The economic feature of the latter part of 2014 has been the fall in the price of oil and indeed commodities in general. For the world economy as a whole this will provide an economic boost but there is also a transfer of income and indeed wealth taking place as well. This is from commodity and oil producers to consumers of these products. At the forefront of those suffering is the Russian Federation which lest we forget depends heavily on its oil and gas exports. According to the US Energy Information Authority the situation is as shown below and the emphasis is mine.
Russia is a major exporter of crude oil, petroleum products, and natural gas. Sales of these fuels accounted for 68% of Russia’s total export revenues in 2013, based on data from Russia’s Federal Customs Service. Russia received almost four times as much revenue from exports of crude oil and petroleum products as from natural gas.
If we start to calculate the mathematics of the impact on Russian trade then the word is ouch! In 2013 the (Brent Crude) oil price averaged US $108.64 which as an aside nicely fits Forbin’s rule back then that it was revolving around US $108. However the month of October saw the oil price average US $87 per barrel which already was showing a 20% drop. Now of course the oil price is more like US $72 per barrel meaning that Russian exports of oil have fallen in value by 34% currently. Should that persist for any length of time it will be like exploding a torpedo in Russia’s export performance especially as gas prices will be lower too.
Russian government finances will be hit too
According to the EIA it was not only exports which were dependent on oil revenues.
Oil and natural gas activities make up a large portion of Russia’s federal budget. According to the Ministry of Finance, 50% of Russia’s federal budget revenue in 2013 came from mineral extraction taxes and export customs duties on oil and natural gas.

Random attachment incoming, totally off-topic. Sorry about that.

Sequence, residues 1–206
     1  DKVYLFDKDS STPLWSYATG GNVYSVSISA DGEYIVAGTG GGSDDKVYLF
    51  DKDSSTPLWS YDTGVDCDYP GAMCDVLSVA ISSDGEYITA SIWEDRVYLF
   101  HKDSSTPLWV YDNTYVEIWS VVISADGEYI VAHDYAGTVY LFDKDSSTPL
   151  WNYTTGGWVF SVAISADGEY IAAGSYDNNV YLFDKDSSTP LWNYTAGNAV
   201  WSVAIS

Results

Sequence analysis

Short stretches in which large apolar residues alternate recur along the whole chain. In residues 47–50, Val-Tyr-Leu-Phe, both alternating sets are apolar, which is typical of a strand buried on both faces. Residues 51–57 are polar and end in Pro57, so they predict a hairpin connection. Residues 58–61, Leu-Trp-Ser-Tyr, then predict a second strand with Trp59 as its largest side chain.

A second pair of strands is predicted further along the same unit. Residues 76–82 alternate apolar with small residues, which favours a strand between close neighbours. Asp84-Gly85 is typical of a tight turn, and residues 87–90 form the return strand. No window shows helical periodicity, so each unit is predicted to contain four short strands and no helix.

Looking forwards those taxes will be applied to companies that have a lot less revenue and any percentage taxes will be on lower sums. Although there are two nuances to this. Firstly the fall in the value of the Rouble will boost government revenues but as the subsequent inflation ravages the system each Rouble will buy less. So things may look okay for a while but in a “surprise” will then turn much worse.
Russia’s government bond market seems to have got the message as the worldwide trend to lower bond yields has passed its borders by if a benchmark ten-year yield of 10.67% is any guide.
What about economic growth?
The European Union autumn economic forecast told us this just under a month ago.
Moreover, since the Russian economy remains
highly dependent on oil-related income, a stronger
decrease in oil or gas prices could further add to
I think we can safely say that has now happened, and of course it comes on the back of this which I discussed on the 3rd of November.
On 31 October 2014 the Bank of Russia Board of Directors decided to raise the Bank of Russia key rate to 9.5 percent per annum.
I thought that this alone would send the Russian economy spiralling into contraction territory. Actually the Russian government seems to have been catching up with this line of thought.
@jsblokland Breaking!>Russia’s government expects economy to shrink 0.8% in 2015!
It was only eighteen months ago that forecasters were predicting 4% annual economic growth in Russia in 2015 so there has been quite a turn-around. Frankly if oil prices stay at the current levels it could turn out to be -4%.
What about the Rouble?
It saw something of a collapse yesterday and of course this came on the back of previous falls. At such times exact prices are hard to find but the Financial Times has reported it thus.